Saturday, June 8, 2013

More Fun with Google NGram

I know it's not perfect, but I get a real kick out of searching Google NGram Viewer for scientific terms. While discussing the difference between "analogue" and "analog" as they relate to drugs, Chemjobber sent over the NGram comparing their usage.

Once more, I found myself falling down the NGram rabbit hole...

Derek Lowe's played with this a bit over at Pipeline. One thing his commenters wanted to highlight? Carbene. Turns out, when the first neutral lone pair appeared on carbon (around 1910), not many people wrote it down as such. When v.Eggers-Doering and Simmons / Smith began incorporating carbenes into organic synthesis in the mid-'50s, BOOM! They exploded onto the scene:

Vitamins, which were virtually unknown as food additives impacting human heath in the 1800s, were rapidly identified by the early 1900s. In just 20 short years, they went from nonexistent to appearing three out of a hundred thousand published words:

When van Leeuwenhoek first peered through his first microscopes, he called the protozoa, bacteria, amoebae, and various other biology "animalcules." This persisted for a few centuries, until Pasteur and Koch began to advance the germ theory. The result? In just a few short years, microorganisms - both literal and literary - took over:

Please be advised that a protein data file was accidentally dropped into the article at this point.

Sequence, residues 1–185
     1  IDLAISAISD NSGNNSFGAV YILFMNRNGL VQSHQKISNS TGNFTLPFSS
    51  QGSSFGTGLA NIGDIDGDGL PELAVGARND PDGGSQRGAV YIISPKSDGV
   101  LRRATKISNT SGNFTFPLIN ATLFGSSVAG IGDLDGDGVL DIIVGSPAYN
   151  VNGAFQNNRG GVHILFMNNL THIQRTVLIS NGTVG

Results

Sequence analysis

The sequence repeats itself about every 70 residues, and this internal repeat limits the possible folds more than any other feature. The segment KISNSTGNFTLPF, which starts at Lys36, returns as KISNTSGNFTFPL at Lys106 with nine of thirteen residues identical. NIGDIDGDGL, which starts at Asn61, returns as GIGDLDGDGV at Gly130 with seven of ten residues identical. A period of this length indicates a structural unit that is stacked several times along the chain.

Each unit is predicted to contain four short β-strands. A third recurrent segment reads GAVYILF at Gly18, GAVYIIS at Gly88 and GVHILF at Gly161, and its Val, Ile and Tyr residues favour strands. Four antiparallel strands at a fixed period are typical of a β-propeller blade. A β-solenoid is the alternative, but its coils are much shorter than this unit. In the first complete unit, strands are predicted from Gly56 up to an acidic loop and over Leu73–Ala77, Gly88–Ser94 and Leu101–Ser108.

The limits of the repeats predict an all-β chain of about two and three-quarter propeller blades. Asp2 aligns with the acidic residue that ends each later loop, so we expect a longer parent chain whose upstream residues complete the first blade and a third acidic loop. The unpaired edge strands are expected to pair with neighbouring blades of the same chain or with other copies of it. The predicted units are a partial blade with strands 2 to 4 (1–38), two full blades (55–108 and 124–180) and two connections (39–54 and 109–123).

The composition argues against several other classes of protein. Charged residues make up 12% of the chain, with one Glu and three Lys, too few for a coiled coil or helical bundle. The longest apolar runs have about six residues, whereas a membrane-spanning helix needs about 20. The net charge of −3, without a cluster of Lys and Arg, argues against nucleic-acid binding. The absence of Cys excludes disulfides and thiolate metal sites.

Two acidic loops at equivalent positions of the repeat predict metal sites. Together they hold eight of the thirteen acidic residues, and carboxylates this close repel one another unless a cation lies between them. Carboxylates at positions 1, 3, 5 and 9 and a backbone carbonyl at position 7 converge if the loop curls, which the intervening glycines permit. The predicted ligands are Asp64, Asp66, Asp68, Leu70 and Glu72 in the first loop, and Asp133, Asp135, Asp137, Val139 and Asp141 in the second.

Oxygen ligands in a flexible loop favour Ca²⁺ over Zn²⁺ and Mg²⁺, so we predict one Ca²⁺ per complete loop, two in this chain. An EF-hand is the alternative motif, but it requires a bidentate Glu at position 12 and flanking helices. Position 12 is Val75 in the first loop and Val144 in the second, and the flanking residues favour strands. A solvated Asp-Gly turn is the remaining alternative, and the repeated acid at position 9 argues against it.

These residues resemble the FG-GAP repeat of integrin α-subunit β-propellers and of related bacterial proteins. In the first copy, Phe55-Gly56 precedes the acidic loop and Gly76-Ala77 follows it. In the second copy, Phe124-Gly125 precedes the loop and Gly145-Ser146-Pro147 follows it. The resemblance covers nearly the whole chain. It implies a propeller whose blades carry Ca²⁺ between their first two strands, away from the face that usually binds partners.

Readers - Play around, and tell me if you can find some more fun trends! 
I'll update accordingly...

Update (6/8/13) - Thanks Andrew, 0.001% is NOT 1 our of a thousand (D'oh!)


  1. I always wondered how to do this and never quite bothered to find out. I'll have a play!

    Also- 0.003% is three in 100k words, no?

  2. enantioselective is another good one.

  3. Ylide vs Ylid. I did my PhD on sulfur ylide chemistry (my selections clarified) and was sure that ylid was the old-school way to write it (even though it is actually how we pronounce it). This appears to be true(ish).

    Sulfur vs Sulfur is interesting also (**spoiler** recently, sulfur wins, but not by the margin I expected.